Last October, the New Jersey Star-Ledger ran an editorial titled From Kentucky State U., a lesson in real education. The first sentence:
Nancy Astor, the complex American socialite who became the first woman ever to sit in the British House of Commons, once described “real education” as something that “should educate us out of self into something far finer; into a selflessness which links us to all humanity.”
I left these comments:
“Real education should educate us out of self into something far finer; into a selflessness which links us to all humanity.”
Translation: Everybody is important, as long as it’s not you. You are nobody. If this principle applies equally to everybody, then all of your self-renunciation is for a bunch of nobodies.
But this begs the question: For every act of selflessness, there is someone profiting from your selflessness. Basic logic. “Humanity”, after all, is made up of individuals. Just who is “humanity”? It turns out to be every moocher who thinks the world owes him a living. Who are the people who get stuck selflessly serving “humanity”? Anyone who takes this rubbish seriously, makes something of themselves, and finds—as his “reward”—a hoard of parasites waiting to drain him of his dreams, efforts, and wealth. The “educational” lesson: To the extent you succeed and produce, you are a slave; to the extent you fail, you get the unearned. From each according to his ability, to each according to his need. The “educational” lesson: Why bother trying? Other people owe me. The ultimate triumph of vice over virtue.
The biggest winners of all: power-lusters who claim the title of “public servants”—the politicians who get the job of distributing the largess of the selfless serfs who play it straight according to the ethics of selflessness. Convince a person he doesn’t own his life, and you’ve got him. Convince everyone of the morality of selflessness, or altruism, and everyone ends up living for the state.
Collectivism is the ultimate fraud: It crusades under the banner of benevolence and good will, to clear the way for the reign of parasites and power-lusters.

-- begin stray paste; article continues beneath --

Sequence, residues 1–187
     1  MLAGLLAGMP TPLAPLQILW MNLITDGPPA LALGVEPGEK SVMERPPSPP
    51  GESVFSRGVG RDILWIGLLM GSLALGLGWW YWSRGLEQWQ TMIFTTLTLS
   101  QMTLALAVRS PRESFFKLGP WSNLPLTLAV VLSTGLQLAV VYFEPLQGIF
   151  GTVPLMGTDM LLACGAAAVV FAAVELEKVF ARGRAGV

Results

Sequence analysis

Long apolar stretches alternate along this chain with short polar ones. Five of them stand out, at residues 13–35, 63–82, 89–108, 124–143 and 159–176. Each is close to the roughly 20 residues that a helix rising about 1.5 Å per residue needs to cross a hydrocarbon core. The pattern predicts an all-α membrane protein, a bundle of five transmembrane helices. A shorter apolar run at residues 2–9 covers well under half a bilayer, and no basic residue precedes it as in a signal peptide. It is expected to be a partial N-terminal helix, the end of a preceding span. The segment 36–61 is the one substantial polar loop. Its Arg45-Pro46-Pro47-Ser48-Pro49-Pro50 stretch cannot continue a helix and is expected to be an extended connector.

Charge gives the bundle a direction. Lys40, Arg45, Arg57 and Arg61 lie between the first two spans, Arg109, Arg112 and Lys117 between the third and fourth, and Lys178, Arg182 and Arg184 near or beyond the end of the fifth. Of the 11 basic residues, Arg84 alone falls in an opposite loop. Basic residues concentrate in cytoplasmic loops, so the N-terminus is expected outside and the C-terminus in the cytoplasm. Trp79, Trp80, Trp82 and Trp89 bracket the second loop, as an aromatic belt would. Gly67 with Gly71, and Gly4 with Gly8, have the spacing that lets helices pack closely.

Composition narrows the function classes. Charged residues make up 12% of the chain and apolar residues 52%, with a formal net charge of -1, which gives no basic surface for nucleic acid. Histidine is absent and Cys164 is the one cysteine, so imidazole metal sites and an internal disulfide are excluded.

After the horrors of 20th Century collectivism, it is shocking to see these ideas once again openly espoused. Reject it, and embrace rational self-interest and self-reliance; not in the conventional mean-spirited, lone wolf sense—which is a straw man—but as a means to peaceful coexistence and mutual benefit.
The real purpose of education should be to prepare children for an independent, self-reliant adulthood so they can take care of themselves. They should be taught not to be a slave to “humanity” nor wait greedily for “humanity” to give them something they didn’t earn. They should be taught how to rationally choose their values and goals, work to achieve them, and be proud of what they do achieve—not for lesser achievers, or for “humanity”, or for “something far finer” than self—but precisely for self. One’s own life—the only life any of us will ever have—should be one’s highest value. Live for yourself and your own long-term happiness and rise by your own thought and effort. The Declaration of Independence, not the Communist Manifesto. That will breed self-respect and its corollary; respect for others and their achievements—and, by the way, genuine generosity toward people one cares about, rather than guilt-ridden handouts.
That is the ideal education.
Astor’s quote has nothing to do with a CEO taking a salary cut to give out a few raises. The issue is much more fundamental: Does your life belong to you, or not? “Do not hide behind such superficialities as whether you should or should not give a dime to a beggar. That is not the issue. The issue is whether you do or do not have the right to exist without giving him that dime.” The question is not linkage, but the basis of that linkage. The choice has always been either-or; selflessness and mutual predation, or self-reliance and mutual respect. Live for others and demand others live for you, or live for yourself, and respect others right to live for themselves. Deal with others as slave and master, giver and taker; or as equals exchanging value for value, neither self-sacrificing for others nor demanding others self-sacrifice for you. Lose-win, or win-win. Mutual profiteering on sacrifice, or self-reliance. Chains or freedom. Altruism or egoism. Run from anyone who preaches the former, for they are not lovers of humanity. They are either moochers or power-lusters—the collectors and/or distributors of your sacrifices.
Selflessness in education has political appeal for power-lusters. The purpose of an education based on selflessness is to create adults who will readily submit to authoritarian rule, because they are not morally equipped to selfishly defend their values and their rights to life, liberty, and property.
The Comprachicos—Ayn Rand
Individualism vs. Collectivism: Our Future, Our Choice—Craig Biddle
Teaching Johnny to Think—Leonard Peikoff